The upper left corner of the Variables Summary Sheet defines the scope of the network model in terms of the following design characteristics:
- Locations and lanes included
- Products included and product hierarchy
- Resources included
- Demand data type and duration
- Time buckets
- Unit of measure
For MTT, the locations include all of its manufacturing plants, outside bottlers, and distribution centers (DCs). These consist of one raw material supplier, six other (contract) bottlers, six MTT manufacturing plants, and 42 branch distribution centers. These are represented in the diagram that appears under the heading "Visualization." This diagram uses an adaptation of industry-standard, operation-process charting symbols. (Note that in our example, the manufacturing plants are located in fictitious towns in a six-state area of the eastern United States, and DCs are identified by number rather than by location name.) Lanes include all transportation routes between those locations. All of them are potentially active. Products are manufactured in certain plants and are crossdocked through other plants. In this way, a branch DC can receive product from any of the plants.
The resources to be modeled are manufacturing lines, transportation, and storage for all juice products, whether purchased or manufactured. The model's results will be based on 12 months of historical demand data in weekly time buckets, measured in cases. The 12-month historical horizon makes sense, as management wants to know what MTT's reported financial results would have been with an additional big bottle line. Weekly buckets will detect seasonal and other demand variations, and cases are the company's common measure of output.
The data source summary in the upper right-hand corner of the Variables Summary Sheet lists the data needed for the model and where it will come from. This will include demand- and resource-related data as well as cost-related data. For MTT, data about products will come from the company's demand-planning information system (abbreviated as CIMMS in Figure 2). Data about resources will be manually entered. Manufacturing cost data will come from transaction records in the company's enterprise resource planning (ERP) system. Other cost data will come from a variety of sources.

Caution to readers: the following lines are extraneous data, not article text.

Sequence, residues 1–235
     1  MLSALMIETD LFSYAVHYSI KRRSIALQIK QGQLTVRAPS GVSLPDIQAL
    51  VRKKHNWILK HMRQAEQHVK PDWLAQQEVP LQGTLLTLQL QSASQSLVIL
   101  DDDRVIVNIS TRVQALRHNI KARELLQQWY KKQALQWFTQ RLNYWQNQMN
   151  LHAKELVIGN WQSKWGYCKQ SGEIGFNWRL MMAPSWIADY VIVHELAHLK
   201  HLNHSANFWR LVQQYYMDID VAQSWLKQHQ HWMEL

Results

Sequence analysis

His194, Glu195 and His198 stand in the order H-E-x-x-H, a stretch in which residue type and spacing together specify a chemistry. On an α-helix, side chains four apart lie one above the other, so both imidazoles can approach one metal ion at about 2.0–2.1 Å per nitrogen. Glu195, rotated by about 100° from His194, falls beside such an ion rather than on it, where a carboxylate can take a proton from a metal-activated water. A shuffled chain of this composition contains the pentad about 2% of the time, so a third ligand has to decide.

The "model constraints" section of the sheet specifies the constraints or limitations on the resources that are being modeled. In some cases, these constraints are physical; for example, MTT's manufacturing lines must run at least 80 hours but no more than 140 hours in a week. Others are a matter of cost, such as the need to produce minimum lots.
The Variables Summary Sheet also lists formulas for expressing costs or resource performance. In our example, MTT, defines its transportation cost as:
Transportation cost = X1* (two-way private fleet cost, for example US $900 per round trip)
+ X2*(one-way incentive for common carrier use, for example US $600 per one-way trip)
+ X3*(backhaul incentive factor, for example US $200 per backhaul)
+ X4*(reverse-logistics factor, i.e. container and damaged- goods return)
Note: X1, X2, X3, and X4 are trip frequencies for each lane, and * represents "multiplied by."
This formula shows that the planners are using a weighted-average approach to estimate a single transportation cost for each lane, rather than modeling each kind of transportation as a separate resource on each lane. The latter approach would greatly increase the complexity of the model without significantly improving the precision of the results.
Key parameters for each manufacturing plant are summarized in a table at the bottom of the worksheet in Figure 2. In MTT's case, the parameters include number of lines, maximum and minimum capacities expressed as hours of operation, and storage capacity expressed as number of pallets. Manufacturing line speeds are expressed simply as "demonstrated speed"; that is, the modeler will use the line speeds in cases per hour that are normally used by the production planners when scheduling each line.
Step 3: Analyze the sensitivities
Now that the model has been constructed, it needs to be validated. In Step 3, the planners run the model using optimization software and identify any violations of constraints or infeasible (that is, unreasonable) results. The planners then troubleshoot the model to eliminate infeasibilities.